Tram passenger satisfaction rises as Leeds considers tram-train


Passenger satisfaction with tram services has risen to 92%, according to a new poll.

Transport Focus’s latest Tram Passenger Survey covered over 5,000 passengers in Blackpool, Greater Manchester, the West Midlands, Nottingham, Sheffield and Edinburgh.

Across all six networks, overall satisfaction increased from 90% to 92% since 2014.

Manchester's Metrolink trams

David Sidebottom, Transport Focus passenger director, said: ‘It’s great to see tram passenger satisfaction riding high once again. This is despite lots of engineering work to expand, improve and renew existing tram systems.

‘It is vital that operators and authorities now use these results to improve the passenger experience even further.’

The number of passengers saying they were ‘very satisfied’ with their journey increased from 53% in 2014 to 57% in 2015.

Passengers’ rating of value for money of their journey across the networks rose from 61% in 2014 to 69%.

Leeds tram-train mooted

Meanwhile, campaign group TramForward has backed a call from MPs to take forward a tram-train network in the Leeds City Region and West Yorkshire following ministers’ rejection of the controversial Leeds trolleybus scheme.

The call from the All Party Parliamentary Light Rail Group (APPLRG) resurrected proposals put forward by Metro (the West Yorkshire Passenger Transport Authority) in 2009.

Greg Mulholland, MP for Leeds North West and chairman of the APPLRG, said: ‘Leeds and the Leeds City Region have been let down on light rail for too long and we now need to get cracking with plans for developing a modern, integrated transport network over the coming years to catch up with other cities and tackle congestion by getting people out of cars and onto modern light rail vehicles.’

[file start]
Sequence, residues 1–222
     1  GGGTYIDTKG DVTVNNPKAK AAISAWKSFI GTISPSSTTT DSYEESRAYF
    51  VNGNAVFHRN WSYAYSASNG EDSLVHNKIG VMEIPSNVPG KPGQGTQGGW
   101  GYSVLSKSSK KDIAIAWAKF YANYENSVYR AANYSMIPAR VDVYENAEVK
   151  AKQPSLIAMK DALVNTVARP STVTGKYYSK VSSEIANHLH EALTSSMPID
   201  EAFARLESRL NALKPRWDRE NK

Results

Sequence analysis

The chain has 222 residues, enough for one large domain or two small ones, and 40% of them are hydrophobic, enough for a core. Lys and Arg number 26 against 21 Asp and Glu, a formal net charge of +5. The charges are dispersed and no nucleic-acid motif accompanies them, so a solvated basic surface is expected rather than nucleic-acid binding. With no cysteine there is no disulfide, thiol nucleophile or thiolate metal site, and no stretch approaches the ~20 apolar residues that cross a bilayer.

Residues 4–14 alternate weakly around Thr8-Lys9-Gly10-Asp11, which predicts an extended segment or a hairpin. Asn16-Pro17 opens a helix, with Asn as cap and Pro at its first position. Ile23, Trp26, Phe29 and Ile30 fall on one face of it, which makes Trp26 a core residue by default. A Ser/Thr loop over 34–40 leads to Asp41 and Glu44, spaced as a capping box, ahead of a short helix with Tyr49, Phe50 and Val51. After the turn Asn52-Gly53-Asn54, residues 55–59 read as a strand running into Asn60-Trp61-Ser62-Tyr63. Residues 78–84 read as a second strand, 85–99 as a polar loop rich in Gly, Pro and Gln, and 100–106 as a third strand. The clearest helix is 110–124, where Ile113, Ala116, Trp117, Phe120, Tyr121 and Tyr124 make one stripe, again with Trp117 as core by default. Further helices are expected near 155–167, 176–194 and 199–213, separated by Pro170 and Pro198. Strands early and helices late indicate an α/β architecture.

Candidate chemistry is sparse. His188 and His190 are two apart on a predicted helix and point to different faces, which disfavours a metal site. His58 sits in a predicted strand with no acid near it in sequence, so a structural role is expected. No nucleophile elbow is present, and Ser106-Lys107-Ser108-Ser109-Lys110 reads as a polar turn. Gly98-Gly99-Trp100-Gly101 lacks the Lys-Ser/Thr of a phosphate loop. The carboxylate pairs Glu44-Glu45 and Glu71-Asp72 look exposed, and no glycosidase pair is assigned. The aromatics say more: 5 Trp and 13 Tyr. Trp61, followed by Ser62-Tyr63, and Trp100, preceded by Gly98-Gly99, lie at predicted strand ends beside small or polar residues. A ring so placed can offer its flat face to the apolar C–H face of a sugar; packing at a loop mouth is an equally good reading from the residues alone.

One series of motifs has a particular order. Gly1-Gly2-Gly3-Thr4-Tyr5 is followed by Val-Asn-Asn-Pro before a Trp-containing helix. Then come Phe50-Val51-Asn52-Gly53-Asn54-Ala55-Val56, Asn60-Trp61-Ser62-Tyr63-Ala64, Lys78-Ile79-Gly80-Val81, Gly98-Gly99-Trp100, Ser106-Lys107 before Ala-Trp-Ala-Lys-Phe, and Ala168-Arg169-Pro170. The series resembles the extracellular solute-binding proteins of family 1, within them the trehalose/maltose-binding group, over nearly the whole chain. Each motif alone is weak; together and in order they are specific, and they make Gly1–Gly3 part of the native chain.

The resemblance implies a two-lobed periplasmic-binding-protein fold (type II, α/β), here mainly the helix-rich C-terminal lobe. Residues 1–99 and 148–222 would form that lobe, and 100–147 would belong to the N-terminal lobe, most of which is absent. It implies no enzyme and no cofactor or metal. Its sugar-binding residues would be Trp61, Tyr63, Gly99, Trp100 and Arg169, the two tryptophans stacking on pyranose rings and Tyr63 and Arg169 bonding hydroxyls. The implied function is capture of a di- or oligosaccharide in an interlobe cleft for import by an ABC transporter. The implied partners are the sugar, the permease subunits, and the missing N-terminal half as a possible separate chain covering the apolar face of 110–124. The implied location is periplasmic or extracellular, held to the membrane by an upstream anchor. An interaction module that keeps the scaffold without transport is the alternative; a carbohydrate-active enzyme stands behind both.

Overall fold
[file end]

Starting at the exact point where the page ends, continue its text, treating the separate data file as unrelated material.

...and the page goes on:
A tram-train can run on city centres streets as well as local rail networks.

Tramforward, the campaign arm of the Light Rail Transit Association, said: ‘Tram-trains and light rail generally have a proven track record of getting people out of their cars and on to public transport – which is exactly what the Leeds City Region desperately needs.’

Last week, transport secretary Patrick McLouglin rejected Leeds City Council’s longstanding attempts to build a £250m trolleybus scheme.

But the council was allowed to keep £173.5m of central government funding and vowed to bring forward other public transport improvements.

Writing in the Yorkshire Evening Post today, council leader Judith Blake admitted that the council had made mistakes over the trolleybus scheme.

But she said the city now needs to ‘focus on the future’ with ‘a clear, ambitious and realistic 30-year vision and plan for transport in Leeds’.

Ms Blake said the plan should identify schemes that can be delivered soon, such as park and ride sites, high quality fast bus routes, new rail stations, better public spaces, cycle and walking routes, as well as ‘transformational long-term projects, potentially tram-train’.

Register now for full access

Register just once to get unrestricted, real-time coverage of the issues and challenges facing UK transport and highways engineers.

Full website content includes the latest news, exclusive commentary from leading industry figures and detailed topical analysis of the highways, transportation, environment and place-shaping sectors. Use the link below to register your details for full, free access.

Already a registered? Login

comments powered by Disqus